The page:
Norwegian and Canadian marine biologists found that disastrous overfishing off southern Labrador and eastern Newfoundland caused a big change in the age at which the female Atlantic cod (Gadus morhua) reached sexual maturity.
In 1980, when the fish population was abundant, female cod generally became fertile at six years of age; in 1987, when stocks started to plummet, sexual maturity was at five years, and those fish were smaller than their predecessors.
The reason, say the authors: fish which were larger and whose maturity occurred later in life were more likely to be caught before they could reproduce.
That gap in the population was a boon for fish which were smaller and which were genetically programmed to breed earlier. They became the dominant numbers in the fishery.
The finding is significant, because it shows overfishing creates evolutionary pressures -- influences that work against, or in favour of, specific genetic traits on fish stocks, and which have an enduring impact.
Man-made bias is a well-known consequence of agriculture, and indeed farmers often use it deliberately in order to favour new races of animals or species of plants that are more productive than others.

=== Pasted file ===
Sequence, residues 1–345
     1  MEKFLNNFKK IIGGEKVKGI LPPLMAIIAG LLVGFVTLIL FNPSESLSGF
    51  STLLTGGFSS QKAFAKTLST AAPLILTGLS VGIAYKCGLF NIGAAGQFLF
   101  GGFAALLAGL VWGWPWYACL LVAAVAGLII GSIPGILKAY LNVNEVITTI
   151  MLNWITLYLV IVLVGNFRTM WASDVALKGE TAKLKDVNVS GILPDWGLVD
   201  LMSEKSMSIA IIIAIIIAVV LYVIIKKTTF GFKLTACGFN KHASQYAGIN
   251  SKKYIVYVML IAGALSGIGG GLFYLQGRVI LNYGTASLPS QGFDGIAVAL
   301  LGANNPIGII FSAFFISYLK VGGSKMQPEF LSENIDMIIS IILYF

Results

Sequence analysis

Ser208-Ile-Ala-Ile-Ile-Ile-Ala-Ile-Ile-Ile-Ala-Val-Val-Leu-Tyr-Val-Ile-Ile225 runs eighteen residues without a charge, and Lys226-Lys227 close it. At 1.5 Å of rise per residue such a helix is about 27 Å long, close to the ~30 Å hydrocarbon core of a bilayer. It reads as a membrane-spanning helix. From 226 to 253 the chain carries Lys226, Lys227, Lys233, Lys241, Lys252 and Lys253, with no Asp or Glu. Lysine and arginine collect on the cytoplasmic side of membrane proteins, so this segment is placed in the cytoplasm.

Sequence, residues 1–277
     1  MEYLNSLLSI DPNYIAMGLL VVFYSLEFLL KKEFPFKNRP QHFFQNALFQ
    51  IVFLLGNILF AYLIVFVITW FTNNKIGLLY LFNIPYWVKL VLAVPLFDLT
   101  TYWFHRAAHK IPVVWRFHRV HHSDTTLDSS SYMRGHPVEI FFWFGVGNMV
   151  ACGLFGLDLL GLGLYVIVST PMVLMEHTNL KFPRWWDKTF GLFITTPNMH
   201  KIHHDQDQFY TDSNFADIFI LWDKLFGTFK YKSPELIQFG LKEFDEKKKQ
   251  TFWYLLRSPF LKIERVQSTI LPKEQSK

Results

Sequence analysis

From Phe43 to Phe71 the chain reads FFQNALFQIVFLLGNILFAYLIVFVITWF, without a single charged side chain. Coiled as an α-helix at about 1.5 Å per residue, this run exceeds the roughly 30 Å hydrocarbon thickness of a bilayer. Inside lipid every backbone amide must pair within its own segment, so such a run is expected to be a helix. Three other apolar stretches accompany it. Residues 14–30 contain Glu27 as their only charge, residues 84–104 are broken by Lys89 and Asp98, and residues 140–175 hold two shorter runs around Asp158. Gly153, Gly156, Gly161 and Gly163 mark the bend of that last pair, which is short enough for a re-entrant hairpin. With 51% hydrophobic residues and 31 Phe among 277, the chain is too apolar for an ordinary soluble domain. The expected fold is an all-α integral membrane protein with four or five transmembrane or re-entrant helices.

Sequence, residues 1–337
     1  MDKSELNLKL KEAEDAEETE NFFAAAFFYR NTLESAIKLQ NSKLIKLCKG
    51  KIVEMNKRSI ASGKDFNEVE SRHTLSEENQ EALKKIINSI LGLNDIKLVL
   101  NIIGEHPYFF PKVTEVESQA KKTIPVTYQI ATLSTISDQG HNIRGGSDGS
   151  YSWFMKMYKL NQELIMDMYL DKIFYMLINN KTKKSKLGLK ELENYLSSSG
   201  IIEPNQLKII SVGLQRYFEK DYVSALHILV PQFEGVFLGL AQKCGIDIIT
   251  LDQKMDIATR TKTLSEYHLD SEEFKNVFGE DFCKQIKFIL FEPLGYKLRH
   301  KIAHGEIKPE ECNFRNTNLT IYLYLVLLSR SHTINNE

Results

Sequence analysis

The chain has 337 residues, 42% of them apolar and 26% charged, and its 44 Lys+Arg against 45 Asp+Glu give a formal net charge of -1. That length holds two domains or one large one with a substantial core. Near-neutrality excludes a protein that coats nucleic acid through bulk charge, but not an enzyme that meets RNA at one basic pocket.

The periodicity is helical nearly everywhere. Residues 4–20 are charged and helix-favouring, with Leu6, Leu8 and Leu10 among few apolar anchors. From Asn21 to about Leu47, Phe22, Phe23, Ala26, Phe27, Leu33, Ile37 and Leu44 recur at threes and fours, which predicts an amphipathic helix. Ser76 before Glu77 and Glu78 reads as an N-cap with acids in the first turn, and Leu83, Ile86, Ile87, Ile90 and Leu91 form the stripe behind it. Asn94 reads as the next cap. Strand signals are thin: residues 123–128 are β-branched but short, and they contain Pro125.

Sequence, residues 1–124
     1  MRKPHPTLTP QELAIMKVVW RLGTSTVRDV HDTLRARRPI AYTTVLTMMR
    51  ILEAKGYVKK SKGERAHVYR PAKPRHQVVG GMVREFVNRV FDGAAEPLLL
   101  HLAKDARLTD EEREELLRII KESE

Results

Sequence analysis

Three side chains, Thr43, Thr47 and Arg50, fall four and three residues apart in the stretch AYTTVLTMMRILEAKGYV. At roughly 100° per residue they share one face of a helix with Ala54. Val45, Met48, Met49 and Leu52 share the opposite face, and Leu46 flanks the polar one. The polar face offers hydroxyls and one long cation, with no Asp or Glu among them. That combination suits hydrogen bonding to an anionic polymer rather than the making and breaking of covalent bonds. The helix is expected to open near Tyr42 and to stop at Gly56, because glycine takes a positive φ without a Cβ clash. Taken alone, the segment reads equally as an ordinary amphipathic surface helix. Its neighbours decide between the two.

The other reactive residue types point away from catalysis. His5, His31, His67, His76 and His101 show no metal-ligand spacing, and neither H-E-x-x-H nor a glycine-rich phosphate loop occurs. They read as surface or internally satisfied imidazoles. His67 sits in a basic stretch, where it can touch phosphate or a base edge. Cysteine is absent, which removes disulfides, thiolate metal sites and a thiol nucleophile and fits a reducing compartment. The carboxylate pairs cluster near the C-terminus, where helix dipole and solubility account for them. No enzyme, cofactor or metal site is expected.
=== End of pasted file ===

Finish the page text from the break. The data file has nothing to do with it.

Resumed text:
The study, published on Thursday in the British weekly science journal Nature, is led by Esben Olsen, at the University of Oslo.
The authors are cautious about whether wrecked fish populations may bounce back faster if sexual maturity occurs earlier.
"In the late 1980s and early 1990s, northern cod underwent one of the worst collapses in the history of fisheries," Olsen's team says, pointing out that cod numbers in those zones fell by more than 99 percent compared with three decades earlier.
"The Canadian government closed the directed fishing for northern cod in July 1992, but even after a decade-long offshore moratorium, population sizes remain historically low."